“The sword, which has been preserved in perfect condition, is a beautiful and rare find,” an antiquities expert said.
Scuba Diver Stumbles On 900-Year-Old Crusader Sword Off Israel Coast
If there’s proof that you can’t go anywhere in Israel without stumbling on some kind of ancient artifact, it’s got to be the news that a scuba diver has discovered an ancient Crusader sword on the sea bed off the Carmel coast.
On Oct. 16, Atlit resident Shlomi Katzin spotted ancient artifacts lying on the sea bed, apparently uncovered by shifting sands.
Katzin saw ancient stone anchors, anchors made of metal pottery fragments, and a sword with a 3-foot-long blade and a hilt measuring nearly 12 inches.
He took the sword ashore, fearing that the find might be stolen or buried once more by the sands, and reported it to the Israel Antiquities Authority.
“The sword, which has been preserved in perfect condition, is a beautiful and rare find and evidently belonged to a Crusader knight,” said Nir Distelfeld, inspector for the Israel Antiquities Authority’s Robbery Prevention Unit.
“It was found encrusted with marine organisms but is apparently made of iron. It is exciting to encounter such a personal object, taking you 900 years back in time to a different era, with knights, armor and swords.”
The sword was discovered in a natural anchorage that has been in use as a temporary natural shelter for ships from the Late Bronze Age, 4,000 years ago, according to Kobi Sharvit, director of the Israel Antiquities Authority’s Marine Archaeology Unit.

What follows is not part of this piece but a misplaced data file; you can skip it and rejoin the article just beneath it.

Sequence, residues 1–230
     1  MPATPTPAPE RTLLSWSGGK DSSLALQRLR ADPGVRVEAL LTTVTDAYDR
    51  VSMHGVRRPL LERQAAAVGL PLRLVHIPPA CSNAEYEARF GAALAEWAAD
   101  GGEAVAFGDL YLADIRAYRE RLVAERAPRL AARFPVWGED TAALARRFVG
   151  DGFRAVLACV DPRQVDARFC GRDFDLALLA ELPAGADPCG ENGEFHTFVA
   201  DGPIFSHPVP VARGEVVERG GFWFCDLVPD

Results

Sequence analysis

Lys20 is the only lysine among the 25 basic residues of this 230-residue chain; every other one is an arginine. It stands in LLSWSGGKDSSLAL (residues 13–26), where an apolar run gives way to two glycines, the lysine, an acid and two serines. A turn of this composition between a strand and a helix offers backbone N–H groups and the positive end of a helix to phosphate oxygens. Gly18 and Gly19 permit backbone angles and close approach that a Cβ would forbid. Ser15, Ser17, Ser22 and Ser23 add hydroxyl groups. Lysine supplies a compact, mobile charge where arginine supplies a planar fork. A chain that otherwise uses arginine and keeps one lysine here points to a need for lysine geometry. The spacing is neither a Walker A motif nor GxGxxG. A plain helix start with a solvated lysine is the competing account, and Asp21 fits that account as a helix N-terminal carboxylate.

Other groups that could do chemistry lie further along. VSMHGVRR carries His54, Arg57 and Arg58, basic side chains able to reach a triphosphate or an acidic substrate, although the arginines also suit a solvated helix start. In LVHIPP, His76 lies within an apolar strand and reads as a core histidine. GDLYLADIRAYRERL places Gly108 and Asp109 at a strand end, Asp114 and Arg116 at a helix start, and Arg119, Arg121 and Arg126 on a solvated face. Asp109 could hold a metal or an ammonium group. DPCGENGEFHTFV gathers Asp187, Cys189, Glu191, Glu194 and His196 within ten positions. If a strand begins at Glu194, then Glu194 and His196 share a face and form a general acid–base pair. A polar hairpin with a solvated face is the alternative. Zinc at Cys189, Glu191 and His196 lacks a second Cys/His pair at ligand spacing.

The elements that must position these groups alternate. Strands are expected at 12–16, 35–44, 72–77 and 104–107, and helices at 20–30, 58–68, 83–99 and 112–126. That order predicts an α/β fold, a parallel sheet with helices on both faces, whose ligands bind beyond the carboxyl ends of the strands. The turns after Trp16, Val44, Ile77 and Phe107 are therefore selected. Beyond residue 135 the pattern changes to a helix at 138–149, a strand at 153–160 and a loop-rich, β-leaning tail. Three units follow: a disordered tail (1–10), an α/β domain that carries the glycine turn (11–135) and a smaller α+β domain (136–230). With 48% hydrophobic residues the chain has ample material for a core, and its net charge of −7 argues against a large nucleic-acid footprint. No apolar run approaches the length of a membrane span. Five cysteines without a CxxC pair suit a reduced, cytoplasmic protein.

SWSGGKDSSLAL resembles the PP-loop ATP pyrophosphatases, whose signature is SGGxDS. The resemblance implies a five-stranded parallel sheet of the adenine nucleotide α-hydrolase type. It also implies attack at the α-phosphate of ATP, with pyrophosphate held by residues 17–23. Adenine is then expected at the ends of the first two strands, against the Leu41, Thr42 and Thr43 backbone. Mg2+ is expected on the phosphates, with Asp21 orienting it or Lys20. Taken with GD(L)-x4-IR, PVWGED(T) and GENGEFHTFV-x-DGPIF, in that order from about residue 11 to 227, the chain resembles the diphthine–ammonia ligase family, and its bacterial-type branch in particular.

“The recent discovery of the sword suggests that the natural cove was also used in the Crusader period, some 900 years ago,” said Sharvit.
Archeologists have been monitoring this particular spot on the Carmel coast since a discovery in June this year. Finds are elusive, however, as they appear and disappear with the shifting sands.
“The Carmel coast contains many natural coves that provided shelter for ancient ships in a storm, and larger coves around which entire settlements and ancient port cities developed, such as Dor and Atlit,” said Sharvit.
“These conditions have attracted merchant ships down the ages, leaving behind rich archeological finds.”
The sword has been handed over to the National Treasures Department, and Katzin was awarded a certificate of appreciation for good citizenship. Once the sword has been cleaned and researched in the Israel Antiquities Authority’s laboratories, it will be displayed to the public.
“The discovery of ancient finds by swimmers and leisure divers is a growing phenomenon in recent years, with the increasing popularity of such sports,” said Sharvit.
“Underwater surveying is dynamic. Even the smallest storm moves the sand and reveals areas on the sea bed, meanwhile burying others. It is therefore vitally important to report any such finds, and we always try to document them in situ, in order to retrieve as much archeological data as possible.”
Produced in association with Israel 21C.